They heard about some of Beneath the Waves’ research, including studies of sharks, seagrass and blue carbon, and research methods like underwater video surveys.

Coral Vita Conservancy, which has been working relentlessly to restore coral reefs off Grand Bahama, sent team member Joe Oliver , Director of Restoration Operations, to assist with the camp and provide in-depth information on corals in The Bahamas.

Team ECCO, a North Carolina-based ocean education organization, also provided in-depth lessons on invertebrates and fish.

Long after the taste of ice cream at the end-of-day party has faded, campers will remember learning how to tag a lifelike shark. And they’ll wear their camp t-shirts with pride, remembering this is the day they learned to value the water all around them and what lies beneath the waves.

Eleven-year-old twin sisters Kassidy and Kaylee Burrows described the camp as a highlight of their summer vacation.

“We had a lot of fun,” said Kassidy. “And we learned all about sponges, the water, mangroves, coral reefs — how they protect animals and how they protect the shore — and also about animals themselves, aquatic animals, for example, sea anemones, corals, sponges and sharks.”

Kassidy was especially enthused to share her experience with helping to plant new mangroves.

“We found out how mangrove seeds can actually disperse into the water,” she said.

“And I thought they were going to be small seeds, but, in my opinion, they looked like asparagus kind of.

“We also got to go in the water and plant new mangroves.”

Beneath the Waves’ scientists have been studying The Bahamas’ waters for more than a decade, having helped with the creation and management of conservation policies, including the legislation that made the country’s waters a shark sanctuary in 2011.

The non-governmental organization knows that in continuing efforts to protect The Bahamas’ greatest asset, its natural environment, community buy-in is vital.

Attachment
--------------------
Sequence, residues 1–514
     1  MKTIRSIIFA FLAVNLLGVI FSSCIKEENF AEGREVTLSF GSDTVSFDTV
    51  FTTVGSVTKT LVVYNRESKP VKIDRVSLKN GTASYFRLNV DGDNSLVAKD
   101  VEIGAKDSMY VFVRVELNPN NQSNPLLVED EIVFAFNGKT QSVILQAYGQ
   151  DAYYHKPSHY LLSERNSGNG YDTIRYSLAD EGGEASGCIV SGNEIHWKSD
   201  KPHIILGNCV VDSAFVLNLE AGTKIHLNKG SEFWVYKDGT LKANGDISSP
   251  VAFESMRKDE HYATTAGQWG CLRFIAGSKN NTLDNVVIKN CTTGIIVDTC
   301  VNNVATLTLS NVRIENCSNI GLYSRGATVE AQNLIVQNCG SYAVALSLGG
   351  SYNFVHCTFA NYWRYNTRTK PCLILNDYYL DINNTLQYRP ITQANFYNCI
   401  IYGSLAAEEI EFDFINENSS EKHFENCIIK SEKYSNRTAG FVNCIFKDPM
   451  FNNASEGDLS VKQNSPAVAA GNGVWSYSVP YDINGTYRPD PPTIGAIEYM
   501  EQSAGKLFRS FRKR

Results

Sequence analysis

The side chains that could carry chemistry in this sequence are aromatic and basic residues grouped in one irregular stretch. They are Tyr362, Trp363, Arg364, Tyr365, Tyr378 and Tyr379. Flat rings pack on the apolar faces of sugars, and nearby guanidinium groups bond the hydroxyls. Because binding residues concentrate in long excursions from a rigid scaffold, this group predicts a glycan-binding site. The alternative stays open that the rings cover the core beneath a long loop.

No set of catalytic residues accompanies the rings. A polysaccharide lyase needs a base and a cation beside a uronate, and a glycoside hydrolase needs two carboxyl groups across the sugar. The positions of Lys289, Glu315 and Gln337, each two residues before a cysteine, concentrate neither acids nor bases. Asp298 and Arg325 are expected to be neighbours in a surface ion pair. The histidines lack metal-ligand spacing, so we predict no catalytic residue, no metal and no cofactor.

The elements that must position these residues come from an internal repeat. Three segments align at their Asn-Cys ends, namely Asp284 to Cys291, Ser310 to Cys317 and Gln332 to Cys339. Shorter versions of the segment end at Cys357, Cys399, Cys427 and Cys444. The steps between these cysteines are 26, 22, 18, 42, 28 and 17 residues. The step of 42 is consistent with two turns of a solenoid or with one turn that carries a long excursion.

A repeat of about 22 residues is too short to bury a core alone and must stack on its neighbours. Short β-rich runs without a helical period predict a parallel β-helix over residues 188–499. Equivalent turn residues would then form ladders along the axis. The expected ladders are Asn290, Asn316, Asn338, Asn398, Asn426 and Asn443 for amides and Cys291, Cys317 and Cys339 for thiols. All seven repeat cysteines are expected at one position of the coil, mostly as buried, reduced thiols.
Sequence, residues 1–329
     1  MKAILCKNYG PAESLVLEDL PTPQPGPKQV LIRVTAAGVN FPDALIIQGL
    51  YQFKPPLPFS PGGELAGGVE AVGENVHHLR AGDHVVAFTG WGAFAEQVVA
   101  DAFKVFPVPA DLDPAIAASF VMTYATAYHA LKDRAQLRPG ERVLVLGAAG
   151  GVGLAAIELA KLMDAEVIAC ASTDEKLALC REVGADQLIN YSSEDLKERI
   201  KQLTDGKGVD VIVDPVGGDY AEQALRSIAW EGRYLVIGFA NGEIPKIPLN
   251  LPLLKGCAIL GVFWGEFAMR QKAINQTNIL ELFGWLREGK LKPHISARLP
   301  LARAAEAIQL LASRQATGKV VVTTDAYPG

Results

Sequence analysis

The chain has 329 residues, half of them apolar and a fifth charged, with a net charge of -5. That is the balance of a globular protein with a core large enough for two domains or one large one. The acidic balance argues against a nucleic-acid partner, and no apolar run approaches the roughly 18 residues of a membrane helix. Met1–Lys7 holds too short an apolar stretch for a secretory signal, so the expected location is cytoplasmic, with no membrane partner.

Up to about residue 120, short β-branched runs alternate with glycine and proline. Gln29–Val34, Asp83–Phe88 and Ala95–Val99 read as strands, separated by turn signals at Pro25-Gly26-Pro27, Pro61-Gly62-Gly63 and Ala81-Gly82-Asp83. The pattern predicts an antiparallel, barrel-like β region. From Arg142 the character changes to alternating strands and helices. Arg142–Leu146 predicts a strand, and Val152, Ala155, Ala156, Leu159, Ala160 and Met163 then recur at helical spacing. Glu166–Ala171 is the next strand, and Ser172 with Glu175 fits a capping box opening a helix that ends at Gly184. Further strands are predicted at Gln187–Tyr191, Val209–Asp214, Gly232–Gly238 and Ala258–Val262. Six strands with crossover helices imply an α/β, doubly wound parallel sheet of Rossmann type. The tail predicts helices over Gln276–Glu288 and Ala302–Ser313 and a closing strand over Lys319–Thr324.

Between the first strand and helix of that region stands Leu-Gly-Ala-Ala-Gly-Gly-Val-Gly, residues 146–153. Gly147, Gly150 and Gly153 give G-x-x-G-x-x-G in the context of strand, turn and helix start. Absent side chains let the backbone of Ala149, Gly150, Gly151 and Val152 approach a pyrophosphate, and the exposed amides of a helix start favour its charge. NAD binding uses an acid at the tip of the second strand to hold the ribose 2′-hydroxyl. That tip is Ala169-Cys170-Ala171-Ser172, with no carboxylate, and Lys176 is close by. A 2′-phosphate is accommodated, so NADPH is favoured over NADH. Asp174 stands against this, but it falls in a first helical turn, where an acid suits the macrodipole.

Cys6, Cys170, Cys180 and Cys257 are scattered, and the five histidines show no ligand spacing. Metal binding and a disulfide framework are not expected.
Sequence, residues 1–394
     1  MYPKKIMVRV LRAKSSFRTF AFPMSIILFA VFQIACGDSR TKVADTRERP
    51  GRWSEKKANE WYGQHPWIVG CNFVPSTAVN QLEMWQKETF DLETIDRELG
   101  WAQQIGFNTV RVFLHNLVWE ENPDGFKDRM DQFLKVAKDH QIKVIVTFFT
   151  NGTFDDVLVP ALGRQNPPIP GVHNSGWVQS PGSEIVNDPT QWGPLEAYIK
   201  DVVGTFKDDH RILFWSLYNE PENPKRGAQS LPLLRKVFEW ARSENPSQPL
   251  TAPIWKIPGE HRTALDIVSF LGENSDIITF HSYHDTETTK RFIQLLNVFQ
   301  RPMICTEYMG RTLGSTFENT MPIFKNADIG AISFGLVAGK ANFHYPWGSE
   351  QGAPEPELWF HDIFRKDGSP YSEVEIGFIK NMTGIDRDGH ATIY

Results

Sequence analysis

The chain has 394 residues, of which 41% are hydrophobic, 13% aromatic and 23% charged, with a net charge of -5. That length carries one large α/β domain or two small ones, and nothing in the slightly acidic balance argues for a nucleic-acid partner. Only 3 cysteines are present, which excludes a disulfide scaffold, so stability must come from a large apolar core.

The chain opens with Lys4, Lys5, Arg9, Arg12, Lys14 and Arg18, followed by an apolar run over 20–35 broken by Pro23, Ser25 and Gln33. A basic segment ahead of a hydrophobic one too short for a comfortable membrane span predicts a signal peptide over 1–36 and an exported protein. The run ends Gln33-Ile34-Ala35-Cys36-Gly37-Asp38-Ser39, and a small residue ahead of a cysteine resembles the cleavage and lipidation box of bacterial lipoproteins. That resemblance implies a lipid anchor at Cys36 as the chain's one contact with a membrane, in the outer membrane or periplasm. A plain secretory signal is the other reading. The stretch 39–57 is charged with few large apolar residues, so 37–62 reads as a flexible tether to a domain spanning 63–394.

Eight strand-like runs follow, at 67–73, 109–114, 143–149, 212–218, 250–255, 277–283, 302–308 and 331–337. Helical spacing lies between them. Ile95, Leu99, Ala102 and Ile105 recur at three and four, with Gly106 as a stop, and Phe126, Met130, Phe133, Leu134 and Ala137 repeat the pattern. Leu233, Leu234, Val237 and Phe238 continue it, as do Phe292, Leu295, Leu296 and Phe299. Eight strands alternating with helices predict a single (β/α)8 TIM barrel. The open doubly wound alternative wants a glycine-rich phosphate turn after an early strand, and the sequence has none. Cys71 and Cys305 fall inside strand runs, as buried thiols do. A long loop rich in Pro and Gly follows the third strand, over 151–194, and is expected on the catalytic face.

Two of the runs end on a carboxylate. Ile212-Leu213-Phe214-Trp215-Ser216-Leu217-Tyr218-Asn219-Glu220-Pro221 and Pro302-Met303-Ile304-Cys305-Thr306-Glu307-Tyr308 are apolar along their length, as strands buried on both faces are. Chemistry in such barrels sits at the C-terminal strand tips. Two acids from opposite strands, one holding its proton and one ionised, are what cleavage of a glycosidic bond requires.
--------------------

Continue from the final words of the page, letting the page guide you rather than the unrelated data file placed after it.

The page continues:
And in that context, the value of helping young Bahamians gain these kinds of hands-on experiences and lessons, ones they’ll undoubtedly carry with them through life, can’t be overstated.

Kaylee Burrows is already brainstorming the ways she can apply what she learned in her future career.

While the mangroves piqued her sister’s interest, Kaylee said she was fascinated by coral reefs and the important role they play on a global scale, though she noted they don’t seem to be sufficiently appreciated.

“I learned that The Bahamas has some of the biggest coral reefs in the world,” she said. “We actually put pieces of coral on a pipe to help build a platform for the coral. The reason I chose coral reefs over all of the topics is because we the people of the Bahamas, don’t even recognize how important our islands are. These coral reefs are very beneficial to the whole world.”

Kaylee said she hopes to one day become a veterinarian and an author.

“As a vet, I can help not just land animals, but marine animals too,” she said. “As an author, I can write books on marine biology. I think this experience helped with my future career, and I’m forever grateful.”

Beneath the Waves Managing Director Jamie Fitzgerald said plans are underway to make the camp an annual event.

“We look forward to being able to work more closely with local schools in the islands we frequent, such as Exuma and Nassau, to develop educational materials around sharks and marine science, and to foster opportunities for internships and future careers for any aspiring Bahamian marine biologists,” Fitzgerald said.

 

Photo Captions: 

Header: Hands-on experience – Exuma students planting mangroves with the help of research scientists from Beneath the Waves  — just one of the many memorable moments from the non-profit’s summer camp that was held on July 23. (Photos courtesy of Beneath the Waves)

1st insert: Learning about coral — With the help of experts from Coral Vita, a Grand Bahama-based organization working to restore reefs near the island, students built plaforms for coral. (Photos courtesy of Beneath the Waves)

2nd insert: More to come  – Camp leaders and participants posed with the inflatable shark, as the first of what is hoped to be many Beneath the Waves summer camps came to an end. (Photos courtesy of Beneath the Waves)

 

Release: Beneath the Waves

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Caribbean Rising: Regional Heads of Government Meet in The Bahamas Aug 16-17 to discuss Caribbean position on Climate Change Mitigation